Cybersecurity: my precious, my data!
The data of businesses, public institutions or individuals represent a goldmine, attracting the attention of hackers. Orange, a trusted operator for its customers, is setting up dedicated research teams covering the various aspects of cybersecurity to ensure the integrity of our future digital identity.
Data in hackers' sights
“Over the last 10 years, hackers' skills have progressed and the security flaws identified have multiplied, which has led to a surge in the number of cyberattacks”, explains Adam Ouorou, a researcher at Orange Labs. “The need to secure networks, through technical resources and training, has never been as strong”.
Hackers are tending to refine their techniques because they have identified a target with real value: the data hosted in organisations' information systems. From contact details for customers of businesses to banking information and state secrets, everything has become data. Although this information is virtual, it has real value for cybercriminals. Particularly in spaces like the deep web, where the guarantee of a certain anonymity allows hackers to carry out illegal activities.
And there are growing numbers of windows for penetration by cyber attackers: our increasingly connected world has an incredible range of devices and networks, with variable levels of security. The other vulnerability is human: each individual operating on a system can represent a potential source of vulnerability.
Cybersecurity: a technical issue...
To secure both consumer and industrial digital uses, Orange is involved in research activities to improve cybersecurity. This is focusing on several levels:
- identifying and understanding the various types of threats,
- designing technical solutions to protect information systems, such as intrusion detection and blocking,
- developing dedicated arrangements and methodologies to be launched in the event of a cyberattack.
The areas of research covered by Orange's teams include connected devices. A key question of concern for them is: how can digital trust be guaranteed when there are so many sensors, which are not always sufficiently secured, and they offer new forms of access to networks? Today, research is looking into setting up joint security and interconnection systems. “Our research priorities include setting up 'by design' security strategies”, reveals Adam Ouorou. They are based on introducing security very early upstream, from the product's design stage.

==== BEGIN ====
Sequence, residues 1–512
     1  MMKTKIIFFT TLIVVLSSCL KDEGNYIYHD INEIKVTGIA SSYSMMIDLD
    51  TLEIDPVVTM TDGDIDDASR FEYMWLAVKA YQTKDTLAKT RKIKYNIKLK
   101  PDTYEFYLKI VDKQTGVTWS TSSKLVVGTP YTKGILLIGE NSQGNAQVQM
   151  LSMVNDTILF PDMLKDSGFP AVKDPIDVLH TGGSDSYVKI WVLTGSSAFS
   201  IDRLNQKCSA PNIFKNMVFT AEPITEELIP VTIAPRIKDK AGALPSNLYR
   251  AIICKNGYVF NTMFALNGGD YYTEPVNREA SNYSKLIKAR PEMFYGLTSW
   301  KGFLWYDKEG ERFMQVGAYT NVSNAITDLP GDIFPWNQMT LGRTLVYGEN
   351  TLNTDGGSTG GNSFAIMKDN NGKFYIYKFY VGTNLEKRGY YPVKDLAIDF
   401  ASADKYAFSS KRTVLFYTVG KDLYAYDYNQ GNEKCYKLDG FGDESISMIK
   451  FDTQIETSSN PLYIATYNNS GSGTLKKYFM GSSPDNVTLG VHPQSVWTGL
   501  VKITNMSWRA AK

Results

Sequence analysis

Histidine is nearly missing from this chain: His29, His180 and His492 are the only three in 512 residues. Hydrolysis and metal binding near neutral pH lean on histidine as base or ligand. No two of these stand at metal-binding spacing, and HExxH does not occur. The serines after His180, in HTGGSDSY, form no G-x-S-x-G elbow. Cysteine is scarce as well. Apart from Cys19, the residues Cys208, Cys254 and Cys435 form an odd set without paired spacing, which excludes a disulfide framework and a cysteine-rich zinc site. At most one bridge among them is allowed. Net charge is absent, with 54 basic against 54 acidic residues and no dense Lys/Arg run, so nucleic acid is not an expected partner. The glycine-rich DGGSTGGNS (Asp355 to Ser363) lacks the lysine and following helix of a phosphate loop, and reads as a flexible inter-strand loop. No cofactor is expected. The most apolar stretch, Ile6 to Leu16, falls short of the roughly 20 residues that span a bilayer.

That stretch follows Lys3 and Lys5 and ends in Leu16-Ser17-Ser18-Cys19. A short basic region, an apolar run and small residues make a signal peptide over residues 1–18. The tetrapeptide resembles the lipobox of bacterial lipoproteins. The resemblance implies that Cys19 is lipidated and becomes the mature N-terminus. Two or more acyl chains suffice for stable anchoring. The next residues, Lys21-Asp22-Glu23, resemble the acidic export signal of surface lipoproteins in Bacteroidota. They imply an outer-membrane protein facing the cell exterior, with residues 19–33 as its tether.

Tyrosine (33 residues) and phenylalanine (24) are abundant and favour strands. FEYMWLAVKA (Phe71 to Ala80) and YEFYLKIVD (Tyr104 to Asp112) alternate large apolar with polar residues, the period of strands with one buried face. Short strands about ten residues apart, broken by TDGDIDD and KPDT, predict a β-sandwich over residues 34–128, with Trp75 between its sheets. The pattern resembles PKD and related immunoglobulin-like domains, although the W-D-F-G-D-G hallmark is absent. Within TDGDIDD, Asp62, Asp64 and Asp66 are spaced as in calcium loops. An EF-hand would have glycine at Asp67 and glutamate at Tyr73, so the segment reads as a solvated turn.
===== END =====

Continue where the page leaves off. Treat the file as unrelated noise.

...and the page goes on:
Big Data and Artificial Intelligence represent a leap forward for digital life and will radically transform numerous industries and services. “The research underway on these technologies is looking at their benefits in terms of IT security, as well as their need for human supervision, because they can be deceived”, notes Adam Ouorou.
Our cybersecurity research priorities include setting up 'by design' security strategies.Adam Ouorou, Orange Labs researcher.
While all business sectors are concerned, some of them represent preferred targets. “We are very involved in issues relating to data protection for the banking sector”, confirms Adam Ouorou. “This sector is one of the most widely affected by malicious acts: system attacks, ransomware, phishing, etc.”.
…but not just technical!
“The challenge is not only technical, it is also human”, explains Adam Ouorou. “It concerns the capacity to raise awareness and train individuals on digital security best practices”. In both personal and professional environments. In fact, some good practices need to be adopted to ensure total security when using digital tools: this is what is known as “IT hygiene”.
Lastly, cybersecurity research sometimes combines technical, human, political and legal aspects. The issue of data sovereignty clearly illustrates this: when a business outsources certain tasks, such as cloud storage, this raises issues in terms of legal liability in the event of a flaw in the system. Orange's research teams are already working in this area.
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